At what cost

From ACL tears to concussions, sports are filled with the risk of injury. What may seem like a few weeks on the bench, can become a lifelong issue.


Zoe Smith

The boy’s basketball team stands behind broken glass.

One moment a player is on the field, running, jumping, cheering and scoring goals. For many teenage athletes, that next layup, next tackle, next shot or next hurdle could be their last. The risk of injury is high with any physical activity, but being injured as an adolescent when your body is still growing can have hidden detrimental effects. 

There are more than 4 million high school athletes in America, and according to the Centers for Disease Control, more than 2 million of them will be injured in some way during their high school careers. Whether it is a minor ankle sprain or a major concussion, athletes have to sit out for at least a few days before returning to activity, and a few days can seem like a lifetime for a teenager’s high school career. 

Ryne Vander Leest ʼ23 was not expecting to end his sophomore year with an injury that would land him on the bench for the rest of the baseball season and postseason. After getting hit in the mouth with a baseball on first base, Vander Leest received stitches and later reconstructive surgery to save the teeth hit by the baseball. Although he had a long recovery of resting, waiting, and a few operations, he explains that an unfortunate part of the recovery process was his time spent on the bench, unable to help the rest of his team.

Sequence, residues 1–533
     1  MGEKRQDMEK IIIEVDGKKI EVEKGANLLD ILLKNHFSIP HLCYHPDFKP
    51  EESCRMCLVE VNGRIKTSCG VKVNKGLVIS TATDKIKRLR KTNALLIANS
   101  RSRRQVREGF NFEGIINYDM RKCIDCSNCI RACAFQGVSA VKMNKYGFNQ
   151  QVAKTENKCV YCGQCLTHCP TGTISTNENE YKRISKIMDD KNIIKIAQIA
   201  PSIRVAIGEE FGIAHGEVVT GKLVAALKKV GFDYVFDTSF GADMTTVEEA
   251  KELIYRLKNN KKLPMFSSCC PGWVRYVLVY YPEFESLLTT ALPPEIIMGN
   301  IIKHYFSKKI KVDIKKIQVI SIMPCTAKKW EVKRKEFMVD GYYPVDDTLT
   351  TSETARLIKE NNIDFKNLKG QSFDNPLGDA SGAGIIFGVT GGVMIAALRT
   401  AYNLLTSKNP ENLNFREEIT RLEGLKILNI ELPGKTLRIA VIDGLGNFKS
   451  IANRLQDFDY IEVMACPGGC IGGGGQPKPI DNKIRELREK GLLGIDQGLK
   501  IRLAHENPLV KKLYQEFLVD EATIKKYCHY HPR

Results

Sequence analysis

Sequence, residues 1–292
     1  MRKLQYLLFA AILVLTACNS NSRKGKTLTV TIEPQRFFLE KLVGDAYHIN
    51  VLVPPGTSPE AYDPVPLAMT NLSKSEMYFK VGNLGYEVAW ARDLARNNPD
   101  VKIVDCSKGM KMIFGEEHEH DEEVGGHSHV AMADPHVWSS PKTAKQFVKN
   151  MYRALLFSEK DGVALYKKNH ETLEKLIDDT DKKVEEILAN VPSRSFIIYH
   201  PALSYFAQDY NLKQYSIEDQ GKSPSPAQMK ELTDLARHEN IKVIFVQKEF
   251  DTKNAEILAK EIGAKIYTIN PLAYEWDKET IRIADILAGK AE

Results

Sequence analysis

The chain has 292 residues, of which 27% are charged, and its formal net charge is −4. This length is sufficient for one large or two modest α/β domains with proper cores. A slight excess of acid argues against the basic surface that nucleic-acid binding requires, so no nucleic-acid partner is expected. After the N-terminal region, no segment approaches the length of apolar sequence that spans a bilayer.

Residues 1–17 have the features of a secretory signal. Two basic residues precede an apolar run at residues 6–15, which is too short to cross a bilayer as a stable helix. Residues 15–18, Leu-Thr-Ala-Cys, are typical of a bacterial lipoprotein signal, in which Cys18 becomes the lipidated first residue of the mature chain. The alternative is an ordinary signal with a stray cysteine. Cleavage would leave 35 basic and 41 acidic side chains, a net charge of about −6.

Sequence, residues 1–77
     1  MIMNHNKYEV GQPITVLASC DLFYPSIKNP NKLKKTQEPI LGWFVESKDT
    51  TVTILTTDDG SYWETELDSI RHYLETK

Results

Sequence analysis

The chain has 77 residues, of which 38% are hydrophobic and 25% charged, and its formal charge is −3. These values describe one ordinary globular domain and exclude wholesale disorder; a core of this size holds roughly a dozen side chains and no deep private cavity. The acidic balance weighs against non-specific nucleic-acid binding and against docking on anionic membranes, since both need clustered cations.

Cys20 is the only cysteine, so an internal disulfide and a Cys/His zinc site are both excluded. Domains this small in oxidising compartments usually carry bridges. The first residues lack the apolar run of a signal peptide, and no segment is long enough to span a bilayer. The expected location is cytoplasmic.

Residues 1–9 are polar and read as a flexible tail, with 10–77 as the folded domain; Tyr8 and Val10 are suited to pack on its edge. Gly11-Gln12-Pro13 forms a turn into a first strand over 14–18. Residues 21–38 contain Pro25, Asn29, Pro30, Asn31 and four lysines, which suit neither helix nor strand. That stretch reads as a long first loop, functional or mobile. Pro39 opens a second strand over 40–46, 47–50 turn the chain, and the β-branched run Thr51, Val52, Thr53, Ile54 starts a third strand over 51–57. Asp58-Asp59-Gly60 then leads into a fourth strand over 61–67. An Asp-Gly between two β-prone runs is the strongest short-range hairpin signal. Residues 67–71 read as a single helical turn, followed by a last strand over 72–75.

Ryne Vanderleest ’23 runs the bases at a baseball game during the summer of 2022. (Zoe Smith)

“It was really hard just because you feel like you can [play] physically and you’re not able to, and especially during the playoffs, you want to do everything possible to help your team out,” said Vander Leest. 

Junior Kareem Earl had similar experiences when dealing with a back injury this past season. Earl is a starter on the West High basketball team and has led them to many wins over his past seasons with the Trojans. But this year’s season came to a halt when he had to take a step off the court for six weeks due to a back injury. 

I got a stress reaction and basically that means my bone isn’t repairing fast enough. If I didn’t sit out for that six weeks I could have fractured my back and been out much longer

— Kareem Earl '24

It was difficult for him to be on the sidelines watching his team, but he knew that if he didn’t take that step back, he could be on the bench for much longer. But the importance of resting your body post-injury is vital.

Kareem Earl cheers the boy’s basketball team on from the sidelines during the City vs. West game. (Zoe Smith)

“During adolescence, the muscles and ligaments cannot keep pace with the bone growth and their bone density does not reach its peak until the early 20s. Therefore, high school athletes are more susceptible to bone-related injuries.” says the National Foundation for High School Associations

“It was hard getting back into the game, like my cardio and stuff, but I love basketball so I did it,” Earl said, describing some of the difficulties he faced returning to the court. 

But without the rest and recovery period that Earl had, he could’ve broken his back and damaged it even further, putting him out for more than 6-weeks.